Planned Google tablet to rival Amazon: Asustek exec
TAIPEI (Reuters) - Google Inc will soon unveil a tablet co-branded with Taiwan's Asustek Computer Inc and priced to compete with Amazon's Kindle Fire device, an Asustek executive said on Wednesday.
Amazon's Kindle Fire, which runs a version of Google's Android operating system, sells for $199. Through it users can access Amazon content including books, music and video.
"It's targeting Amazon. The Kindle is based on Google's platform but with its own service, so Google has to launch its own service, too," said the executive of the device.
Google has its own store for apps called Google Play, but does not have anything like Amazon's service.
Bloomberg earlier reported that Google would launch a tablet at its developer conference this week, taking direct aim at Apple Inc's iPad, citing two people familiar with the matter. One of the sources said the 7-inch tablet would showcase new features of Android.
The Asustek executive, who did not want to be named as the planned device has not yet been made public, declined to give details on its price, specifications or launch timetable. Rumors that the search engine giant planned to launch a tablet at its annual developer conference have circulated on tech blogs for weeks.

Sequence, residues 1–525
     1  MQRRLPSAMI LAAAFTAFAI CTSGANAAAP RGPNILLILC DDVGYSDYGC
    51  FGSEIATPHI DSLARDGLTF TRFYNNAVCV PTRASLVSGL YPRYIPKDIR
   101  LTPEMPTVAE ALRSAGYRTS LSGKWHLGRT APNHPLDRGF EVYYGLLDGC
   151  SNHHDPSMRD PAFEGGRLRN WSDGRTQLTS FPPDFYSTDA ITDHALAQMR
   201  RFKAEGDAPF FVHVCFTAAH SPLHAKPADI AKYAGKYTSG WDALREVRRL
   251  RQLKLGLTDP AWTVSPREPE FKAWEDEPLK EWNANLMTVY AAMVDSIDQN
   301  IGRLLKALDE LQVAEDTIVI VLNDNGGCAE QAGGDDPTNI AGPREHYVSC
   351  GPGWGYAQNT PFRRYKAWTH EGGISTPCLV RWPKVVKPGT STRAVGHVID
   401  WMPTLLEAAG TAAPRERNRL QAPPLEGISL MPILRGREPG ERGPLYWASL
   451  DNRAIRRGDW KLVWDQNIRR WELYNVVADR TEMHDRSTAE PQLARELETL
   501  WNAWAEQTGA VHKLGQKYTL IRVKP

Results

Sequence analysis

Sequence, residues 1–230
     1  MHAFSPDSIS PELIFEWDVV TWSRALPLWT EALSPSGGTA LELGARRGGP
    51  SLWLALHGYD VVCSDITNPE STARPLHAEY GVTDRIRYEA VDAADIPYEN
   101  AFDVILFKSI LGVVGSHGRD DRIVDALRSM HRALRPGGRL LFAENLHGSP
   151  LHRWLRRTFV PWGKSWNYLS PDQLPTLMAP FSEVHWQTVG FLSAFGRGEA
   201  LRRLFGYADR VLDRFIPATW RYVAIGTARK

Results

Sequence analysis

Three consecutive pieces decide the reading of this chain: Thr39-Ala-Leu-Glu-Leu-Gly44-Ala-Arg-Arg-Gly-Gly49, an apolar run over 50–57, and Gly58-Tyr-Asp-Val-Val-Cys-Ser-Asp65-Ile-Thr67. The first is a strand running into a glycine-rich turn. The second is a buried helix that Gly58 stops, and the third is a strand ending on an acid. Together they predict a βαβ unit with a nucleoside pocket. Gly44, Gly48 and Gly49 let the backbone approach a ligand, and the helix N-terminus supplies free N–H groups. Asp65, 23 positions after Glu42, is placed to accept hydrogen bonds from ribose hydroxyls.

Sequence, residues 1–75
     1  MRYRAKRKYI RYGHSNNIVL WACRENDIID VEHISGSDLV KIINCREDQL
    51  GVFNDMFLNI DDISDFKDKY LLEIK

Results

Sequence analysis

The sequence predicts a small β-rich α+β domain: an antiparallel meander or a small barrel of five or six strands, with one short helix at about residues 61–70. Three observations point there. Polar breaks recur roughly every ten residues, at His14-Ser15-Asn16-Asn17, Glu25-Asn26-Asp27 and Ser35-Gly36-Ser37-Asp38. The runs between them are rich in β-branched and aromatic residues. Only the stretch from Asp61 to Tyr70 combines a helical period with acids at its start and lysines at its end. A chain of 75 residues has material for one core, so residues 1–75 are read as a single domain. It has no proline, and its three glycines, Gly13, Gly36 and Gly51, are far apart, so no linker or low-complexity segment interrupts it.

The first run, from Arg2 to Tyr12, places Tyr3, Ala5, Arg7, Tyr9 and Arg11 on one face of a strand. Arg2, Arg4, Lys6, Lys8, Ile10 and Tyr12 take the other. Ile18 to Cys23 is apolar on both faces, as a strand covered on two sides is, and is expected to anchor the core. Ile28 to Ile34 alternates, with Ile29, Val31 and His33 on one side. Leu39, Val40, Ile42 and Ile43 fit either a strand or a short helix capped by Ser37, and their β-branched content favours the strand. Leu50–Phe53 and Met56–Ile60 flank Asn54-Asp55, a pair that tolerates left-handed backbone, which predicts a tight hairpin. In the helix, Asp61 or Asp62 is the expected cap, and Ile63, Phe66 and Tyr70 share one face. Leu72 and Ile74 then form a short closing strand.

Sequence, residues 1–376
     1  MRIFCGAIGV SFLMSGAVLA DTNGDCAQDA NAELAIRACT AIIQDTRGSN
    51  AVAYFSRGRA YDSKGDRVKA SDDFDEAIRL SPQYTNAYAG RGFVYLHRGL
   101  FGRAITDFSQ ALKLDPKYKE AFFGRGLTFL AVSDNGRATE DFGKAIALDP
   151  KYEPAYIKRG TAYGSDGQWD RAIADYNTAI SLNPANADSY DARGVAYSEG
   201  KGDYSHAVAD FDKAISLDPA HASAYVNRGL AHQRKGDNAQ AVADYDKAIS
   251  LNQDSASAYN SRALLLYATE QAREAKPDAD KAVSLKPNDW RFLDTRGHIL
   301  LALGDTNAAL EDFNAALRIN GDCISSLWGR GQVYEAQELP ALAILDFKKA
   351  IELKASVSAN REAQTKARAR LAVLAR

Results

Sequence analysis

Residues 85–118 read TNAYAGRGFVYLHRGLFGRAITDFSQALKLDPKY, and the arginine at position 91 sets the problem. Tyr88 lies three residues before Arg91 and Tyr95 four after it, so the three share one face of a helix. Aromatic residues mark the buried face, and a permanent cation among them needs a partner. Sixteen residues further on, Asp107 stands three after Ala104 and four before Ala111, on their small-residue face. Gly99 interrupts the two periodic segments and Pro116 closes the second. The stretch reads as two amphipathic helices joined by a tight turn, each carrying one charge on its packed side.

Google declined to comment.
Apple's iPad had a 68 percent share of the market in January-March, according to data from IDC. Amazon had a little over 4 percent, lagging Samsung Electronics and Lenovo. Microsoft last week introduced its own line of tablet computers, marking a major strategic shift for the software giant as it struggles to compete with Apple and re-invent its aging Windows franchise.
Google has previously worked with hardware manufacturers HTC and Samsung to produce co-branded Android mobile phones under the Nexus brand. This would be its first such tablet device.
Asustek shares gained 2.6 percent in Taipei, outperforming a 0.6 percent gain on the benchmark stock index.
(Reporting by Clare Jim in TAIPEI and Chandni Doulatramani in BANGALORE; Writing by Jeremy Wagstaff; Editing by Ian Geoghegan)
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